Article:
The January newsletter explained the value of the testing that we have been doing at VQ. Although this battery of tests allows us to characterize several different parts of the athlete’s physiology, the single most important item gained is lactate threshold power. The buzz word lactate threshold (LT) is a point of great confusion among athletes, but what it actually refers to is the point where you are producing enough lactate that your blood lactate level increases by 1 mM over baseline.
The question you should now be asking yourself is, “Why do I care?”
For many years, it was thought that lactate was a waste product generated by exercising at an intensity where the need for oxygen outstripped the body's ability to deliver it. Because there was not enough oxygen, the reasoning went, the cells of the body needed to generate energy through alternative pathways that resulted in lactate production. Since then, scientific experimentation has demonstrated that this is not the case. If there is one thing I can get through to you in this article, let it be this: Lactate production does not equal lack of oxygen.
ATP is the energetic currency of the body. To make this ATP, your body has to burn both carbohydrates and fat. At all times, your body is burning both fat and carbohydrates for energy, but the fuel mixture is determined by the work load. If the workload is light, such as an easy jog, your muscles are not working very hard and your cells are able to meet most of the energy demand through burning fat. You are also burning a little carbohydrate, which is broken down into pyruvate and further processed to make energy as well.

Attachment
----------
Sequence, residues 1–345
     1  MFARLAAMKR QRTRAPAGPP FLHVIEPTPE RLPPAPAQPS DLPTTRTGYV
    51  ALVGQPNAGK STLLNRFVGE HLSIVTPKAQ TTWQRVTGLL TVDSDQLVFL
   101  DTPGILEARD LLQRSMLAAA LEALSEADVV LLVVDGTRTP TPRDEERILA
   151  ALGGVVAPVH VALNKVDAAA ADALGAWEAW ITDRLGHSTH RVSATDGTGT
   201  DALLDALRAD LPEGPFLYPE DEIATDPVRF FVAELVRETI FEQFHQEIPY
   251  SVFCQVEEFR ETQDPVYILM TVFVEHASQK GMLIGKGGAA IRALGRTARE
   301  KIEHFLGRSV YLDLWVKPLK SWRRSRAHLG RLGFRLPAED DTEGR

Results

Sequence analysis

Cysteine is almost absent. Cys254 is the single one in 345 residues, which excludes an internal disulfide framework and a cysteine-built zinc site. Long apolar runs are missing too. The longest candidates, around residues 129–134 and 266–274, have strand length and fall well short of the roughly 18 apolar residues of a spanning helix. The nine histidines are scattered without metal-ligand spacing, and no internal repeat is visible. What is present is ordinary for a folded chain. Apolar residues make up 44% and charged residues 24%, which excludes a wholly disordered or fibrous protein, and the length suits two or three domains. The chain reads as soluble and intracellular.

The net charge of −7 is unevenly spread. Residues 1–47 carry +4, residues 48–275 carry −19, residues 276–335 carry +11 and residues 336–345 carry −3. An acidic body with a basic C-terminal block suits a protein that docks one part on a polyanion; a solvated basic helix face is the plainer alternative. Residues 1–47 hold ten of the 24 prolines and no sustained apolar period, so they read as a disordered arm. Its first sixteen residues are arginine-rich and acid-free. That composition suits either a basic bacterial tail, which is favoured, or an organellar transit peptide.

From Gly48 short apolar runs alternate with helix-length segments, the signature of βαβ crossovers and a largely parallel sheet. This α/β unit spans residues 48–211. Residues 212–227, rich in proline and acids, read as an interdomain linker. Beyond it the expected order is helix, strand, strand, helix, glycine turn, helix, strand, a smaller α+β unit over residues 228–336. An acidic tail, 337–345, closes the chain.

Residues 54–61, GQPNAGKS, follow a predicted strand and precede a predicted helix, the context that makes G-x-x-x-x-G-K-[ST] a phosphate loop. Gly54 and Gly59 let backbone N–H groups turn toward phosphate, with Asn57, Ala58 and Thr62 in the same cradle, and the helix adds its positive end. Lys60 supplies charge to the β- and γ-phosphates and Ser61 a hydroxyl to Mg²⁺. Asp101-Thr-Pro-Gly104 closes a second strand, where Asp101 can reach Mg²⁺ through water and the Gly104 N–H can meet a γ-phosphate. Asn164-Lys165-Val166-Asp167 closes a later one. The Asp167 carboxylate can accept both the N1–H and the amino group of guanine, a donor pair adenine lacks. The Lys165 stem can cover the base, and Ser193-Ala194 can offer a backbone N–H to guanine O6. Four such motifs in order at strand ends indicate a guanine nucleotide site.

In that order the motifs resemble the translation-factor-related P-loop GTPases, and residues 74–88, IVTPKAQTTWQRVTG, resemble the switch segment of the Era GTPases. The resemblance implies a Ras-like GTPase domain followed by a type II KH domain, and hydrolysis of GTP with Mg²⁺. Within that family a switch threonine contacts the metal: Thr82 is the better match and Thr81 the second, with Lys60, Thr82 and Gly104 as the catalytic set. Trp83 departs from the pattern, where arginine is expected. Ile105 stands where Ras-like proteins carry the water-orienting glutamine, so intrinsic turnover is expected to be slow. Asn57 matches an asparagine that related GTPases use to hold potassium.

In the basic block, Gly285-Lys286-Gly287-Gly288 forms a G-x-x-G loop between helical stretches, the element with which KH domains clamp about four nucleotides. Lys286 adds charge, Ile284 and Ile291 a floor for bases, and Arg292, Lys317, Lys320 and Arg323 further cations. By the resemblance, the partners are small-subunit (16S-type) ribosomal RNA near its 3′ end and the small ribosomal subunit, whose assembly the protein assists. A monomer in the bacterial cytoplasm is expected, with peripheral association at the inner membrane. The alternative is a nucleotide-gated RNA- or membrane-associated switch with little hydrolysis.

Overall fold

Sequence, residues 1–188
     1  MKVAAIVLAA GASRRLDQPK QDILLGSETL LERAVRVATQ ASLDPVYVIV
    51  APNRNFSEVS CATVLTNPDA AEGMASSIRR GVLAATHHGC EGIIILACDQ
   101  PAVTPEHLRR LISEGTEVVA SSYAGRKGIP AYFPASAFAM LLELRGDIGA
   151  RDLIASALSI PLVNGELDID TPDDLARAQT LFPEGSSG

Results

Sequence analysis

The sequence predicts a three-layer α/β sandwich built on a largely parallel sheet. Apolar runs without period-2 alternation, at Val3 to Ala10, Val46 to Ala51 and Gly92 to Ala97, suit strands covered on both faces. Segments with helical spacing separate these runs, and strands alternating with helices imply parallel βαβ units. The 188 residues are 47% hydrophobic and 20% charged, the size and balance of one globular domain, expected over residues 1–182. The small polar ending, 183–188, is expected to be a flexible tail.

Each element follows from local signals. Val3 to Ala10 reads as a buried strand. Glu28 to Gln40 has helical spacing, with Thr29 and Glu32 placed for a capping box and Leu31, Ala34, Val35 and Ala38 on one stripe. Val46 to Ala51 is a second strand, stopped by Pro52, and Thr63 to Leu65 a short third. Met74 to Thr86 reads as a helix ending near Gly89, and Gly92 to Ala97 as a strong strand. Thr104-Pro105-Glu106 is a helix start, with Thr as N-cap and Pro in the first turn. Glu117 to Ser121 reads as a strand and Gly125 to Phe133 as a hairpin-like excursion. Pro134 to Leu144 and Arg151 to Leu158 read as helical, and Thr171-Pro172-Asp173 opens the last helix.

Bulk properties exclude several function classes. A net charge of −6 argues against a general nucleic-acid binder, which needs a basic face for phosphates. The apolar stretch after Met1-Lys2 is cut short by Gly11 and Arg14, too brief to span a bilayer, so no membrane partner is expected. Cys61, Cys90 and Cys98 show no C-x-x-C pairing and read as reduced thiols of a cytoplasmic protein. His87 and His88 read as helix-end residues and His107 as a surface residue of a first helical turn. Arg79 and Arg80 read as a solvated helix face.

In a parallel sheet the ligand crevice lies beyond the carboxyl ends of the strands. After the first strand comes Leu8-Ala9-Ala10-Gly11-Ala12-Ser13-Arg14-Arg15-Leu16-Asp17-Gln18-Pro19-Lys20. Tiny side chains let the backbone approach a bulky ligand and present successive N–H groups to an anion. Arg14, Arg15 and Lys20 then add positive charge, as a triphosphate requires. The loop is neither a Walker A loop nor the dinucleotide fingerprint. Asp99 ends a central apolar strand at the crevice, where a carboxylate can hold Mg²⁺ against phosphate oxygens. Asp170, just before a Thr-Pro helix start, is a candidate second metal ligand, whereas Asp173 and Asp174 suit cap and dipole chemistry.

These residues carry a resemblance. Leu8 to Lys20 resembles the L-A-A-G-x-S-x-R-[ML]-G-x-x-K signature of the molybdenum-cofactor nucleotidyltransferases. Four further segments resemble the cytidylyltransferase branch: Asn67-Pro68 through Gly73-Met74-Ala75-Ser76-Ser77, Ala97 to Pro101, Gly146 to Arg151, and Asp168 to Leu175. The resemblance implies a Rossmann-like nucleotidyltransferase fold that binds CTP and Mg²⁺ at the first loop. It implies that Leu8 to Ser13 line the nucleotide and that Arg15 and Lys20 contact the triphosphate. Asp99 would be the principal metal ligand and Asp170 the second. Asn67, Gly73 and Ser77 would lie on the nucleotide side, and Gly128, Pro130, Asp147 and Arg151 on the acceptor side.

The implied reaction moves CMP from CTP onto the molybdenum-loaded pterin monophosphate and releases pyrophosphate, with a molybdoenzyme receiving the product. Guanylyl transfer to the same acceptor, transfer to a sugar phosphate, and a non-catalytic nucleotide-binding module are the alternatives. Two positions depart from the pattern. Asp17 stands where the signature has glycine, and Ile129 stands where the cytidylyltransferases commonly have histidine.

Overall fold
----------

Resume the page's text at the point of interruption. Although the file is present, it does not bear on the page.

As the workload increases, as if during an interval on the run, you come to a point where you can’t meet the energy demands by burning fat alone and will start to burn more carbohydrates. Burning more carbohydrates leads to greater pyruvate production, which will soon exceed your cell’s ability to process it for energy. It starts to build up and is converted into lactate which is transported out of the cell. The lactate isn’t really a waste product, but is actually a high energy compound transported to the liver, kidneys, brain and heart to be metabolized for energy there. Meanwhile, your body is not “anaerobic,” as many believe; there is plenty of oxygen around and the greater lactate production is simply a result of the necessary change in fuel balance from fats to carbohydrates.
The practical application for athletes is that your exercise capacity and time to fatigue are much greater below LT. Once you go above this level, you begin to tap into your limited carbohydrate storage capacity, which once gone, will result in the dreaded “bonk.” Remember, while your body only contains 2,000 calories of carbohydrate, you will thousands of calories of fat. Thus, for endurance events, it is advantageous to minimize the amount of time you spend above LT in order to save those precious carbohydrates for the times when it is crucial for you to increase the workload to a level that increases carbohydrate requirements.